Moving along, now that we’ve familiarized ourselves with Volkan’s ideas a bit, which were undoubtedly influenced by Erik Erickson’s identity politics, I’ll now try to apply them to Budapest’s House of Terror, focusing on chosen trauma and the tent metaphor.

Manhandled by Nazis and socialists, Hungarians were no longer authentically covered by their tent, repressing a key aspect of their identity: their subjugation. Now, only thirty years free from political occupation, Hungarians cannot simply reemploy the tent as it stood before the 1940s. Perhaps they have tried and failed. It is when we look to the controversial reception of the House or Terror’s opening that we see the symptom of ego resistance and the anxiety caused when something repressed nearly succeeds in forcing itself into awareness.

The museum was largely funded by the former right-wing Hungarian government and its representative Viktor Orban. It almost exclusively portrays communist terror to the dismay of Hungarian Jews, which seems somewhat justified since more than a hundred times more of them were killed by the Nazis than gentile citizens executed by communists. This also pisses off left-wing (many formerly communist) Hungarians, though the two groups very much overlap.

A bright painting of two nearly identifical girls.

“2 of Me” by Karla Leopold

Two years after the museum opened the left took control of the government and threatened to cut its funding. Its director’s intention to suspend giant billboards of communist parents of current left-wing government representatives, in addition to the admission of one of their representatives that he served as an officer for the communist secret service, put an end to the ultimatum.

The museum’s stigmatization of communists doesn’t end there however; the final room of the museum features a massive collage of “victimizers,” Hungarians who supported the communists. Many of those portrayed are alive today and those alive but not currently portrayed can be registered by the average citizen on Terror Háza’s website.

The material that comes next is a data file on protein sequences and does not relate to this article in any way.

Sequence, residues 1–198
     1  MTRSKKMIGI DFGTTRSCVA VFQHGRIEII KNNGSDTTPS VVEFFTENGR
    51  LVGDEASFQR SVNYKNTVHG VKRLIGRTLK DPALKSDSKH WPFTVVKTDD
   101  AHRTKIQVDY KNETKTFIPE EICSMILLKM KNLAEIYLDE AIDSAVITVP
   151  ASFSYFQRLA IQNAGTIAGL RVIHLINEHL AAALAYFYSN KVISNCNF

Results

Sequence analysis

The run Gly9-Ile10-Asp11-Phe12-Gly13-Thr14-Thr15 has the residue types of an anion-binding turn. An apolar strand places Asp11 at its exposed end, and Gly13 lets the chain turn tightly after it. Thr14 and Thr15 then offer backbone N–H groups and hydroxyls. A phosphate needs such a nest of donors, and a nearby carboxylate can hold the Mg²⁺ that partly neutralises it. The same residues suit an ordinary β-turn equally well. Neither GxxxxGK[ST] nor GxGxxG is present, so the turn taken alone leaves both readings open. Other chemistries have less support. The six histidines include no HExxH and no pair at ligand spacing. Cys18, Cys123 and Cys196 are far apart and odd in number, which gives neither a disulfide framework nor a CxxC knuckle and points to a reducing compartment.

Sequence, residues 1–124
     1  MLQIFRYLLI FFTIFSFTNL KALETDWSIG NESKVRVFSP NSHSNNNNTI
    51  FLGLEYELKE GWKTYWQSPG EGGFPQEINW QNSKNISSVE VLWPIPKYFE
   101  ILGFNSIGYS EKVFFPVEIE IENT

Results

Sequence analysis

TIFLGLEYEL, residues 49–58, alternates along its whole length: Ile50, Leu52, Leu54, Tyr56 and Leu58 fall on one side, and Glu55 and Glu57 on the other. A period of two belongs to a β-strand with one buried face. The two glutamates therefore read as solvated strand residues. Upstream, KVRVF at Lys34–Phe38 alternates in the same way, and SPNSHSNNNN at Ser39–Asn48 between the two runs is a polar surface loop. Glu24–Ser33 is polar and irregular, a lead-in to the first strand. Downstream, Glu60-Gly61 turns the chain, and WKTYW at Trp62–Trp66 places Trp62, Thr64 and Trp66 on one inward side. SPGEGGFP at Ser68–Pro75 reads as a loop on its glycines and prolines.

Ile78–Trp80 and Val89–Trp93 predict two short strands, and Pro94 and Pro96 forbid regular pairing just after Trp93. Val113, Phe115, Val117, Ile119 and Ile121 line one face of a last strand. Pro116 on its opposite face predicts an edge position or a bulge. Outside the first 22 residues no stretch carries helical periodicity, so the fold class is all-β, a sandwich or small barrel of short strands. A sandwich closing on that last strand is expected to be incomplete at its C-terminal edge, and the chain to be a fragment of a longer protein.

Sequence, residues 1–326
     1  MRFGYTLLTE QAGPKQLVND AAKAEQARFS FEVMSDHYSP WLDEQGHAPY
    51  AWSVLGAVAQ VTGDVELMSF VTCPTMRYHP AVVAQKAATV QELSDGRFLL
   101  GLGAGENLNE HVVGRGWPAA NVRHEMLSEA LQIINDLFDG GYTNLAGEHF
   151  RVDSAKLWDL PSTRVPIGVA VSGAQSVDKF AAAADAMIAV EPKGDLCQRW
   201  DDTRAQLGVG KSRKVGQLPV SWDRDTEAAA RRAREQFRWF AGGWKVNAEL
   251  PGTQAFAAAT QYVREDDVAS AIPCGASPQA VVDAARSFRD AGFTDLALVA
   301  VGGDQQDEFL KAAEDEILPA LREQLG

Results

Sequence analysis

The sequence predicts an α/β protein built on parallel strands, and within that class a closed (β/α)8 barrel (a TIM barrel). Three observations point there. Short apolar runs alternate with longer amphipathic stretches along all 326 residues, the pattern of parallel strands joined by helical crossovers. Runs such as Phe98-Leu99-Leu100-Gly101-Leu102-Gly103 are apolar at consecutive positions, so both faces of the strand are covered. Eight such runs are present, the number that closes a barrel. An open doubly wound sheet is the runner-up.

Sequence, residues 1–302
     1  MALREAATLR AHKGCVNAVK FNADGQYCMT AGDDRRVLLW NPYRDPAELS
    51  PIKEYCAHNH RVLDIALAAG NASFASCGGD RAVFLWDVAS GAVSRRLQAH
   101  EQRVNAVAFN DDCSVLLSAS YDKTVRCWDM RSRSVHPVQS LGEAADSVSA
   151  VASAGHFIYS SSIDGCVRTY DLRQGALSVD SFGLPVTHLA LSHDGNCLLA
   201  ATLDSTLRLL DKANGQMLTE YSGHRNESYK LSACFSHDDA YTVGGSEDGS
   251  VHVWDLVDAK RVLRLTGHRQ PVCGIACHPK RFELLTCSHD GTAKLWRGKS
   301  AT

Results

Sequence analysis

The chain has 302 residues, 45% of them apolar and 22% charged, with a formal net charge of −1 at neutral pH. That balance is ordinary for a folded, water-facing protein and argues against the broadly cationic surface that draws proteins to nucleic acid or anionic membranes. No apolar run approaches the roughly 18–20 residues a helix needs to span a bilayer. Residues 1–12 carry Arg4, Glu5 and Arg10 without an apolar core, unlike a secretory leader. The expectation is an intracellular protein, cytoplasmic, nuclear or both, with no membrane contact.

Implied by this immature coping is Hungary’s regression, the immediate consequence of the traumas the museum represents, and it’s somewhat severe. Reconciliation would be ideal but the former enemy and victims are too alive and too nearby. Because of this the House of Terror doesn’t quite qualify as a chosen trauma by Volkan’s criteria:

“Representations of the calamity link together all the individuals in a large group. The next generation is given…tasks to carry out for their ancestors, such as completing the mourning process or reversing humiliation.” (The Tree Model)

Volkan’s preferred example of chosen trauma is Milosevic’s stimulation of the Serbian–note the national identification–memory of the battle of Kosovo 600 years ago.

The museum is then a struggle between many pairs of antagonisms. It is not purely any one thing. For instance, it is not merely a political ploy: “Even critics of the museum agree that the building is a symbol of both fascist and communist terror and that it warrants some sort of exhibition.” (Lucian Kim) The basic concept and motivation behind the museum is to cope, if not heal, but cultural remembrance often falls into the wrong hands given its ability to sway the masses.

“The end” of psychoanalytic treatment is sometimes considered the full transparency of unconscious forces, which are traced back from symptoms. This is a good way to consider the noble raison d’etre of the House of Terror: it serves as a symptom available to analysis and unconscious tracing, exactly because it is met with resistance, that which identifies repression.

The museum will probably become a cornerstone of Hungary’s large-group identify when it’s stripped of its political baggage over time, inherited along with the trauma it memorializes by future generations. For now, the post-traumatic stress is too acute. The emotions are too raw. However, in the sense that the symptom is the first step or the reason one generally enrolls in psychoanalysis, the House of Terror, for or in all its controversy, biased management and political appropriation, is rather impressive.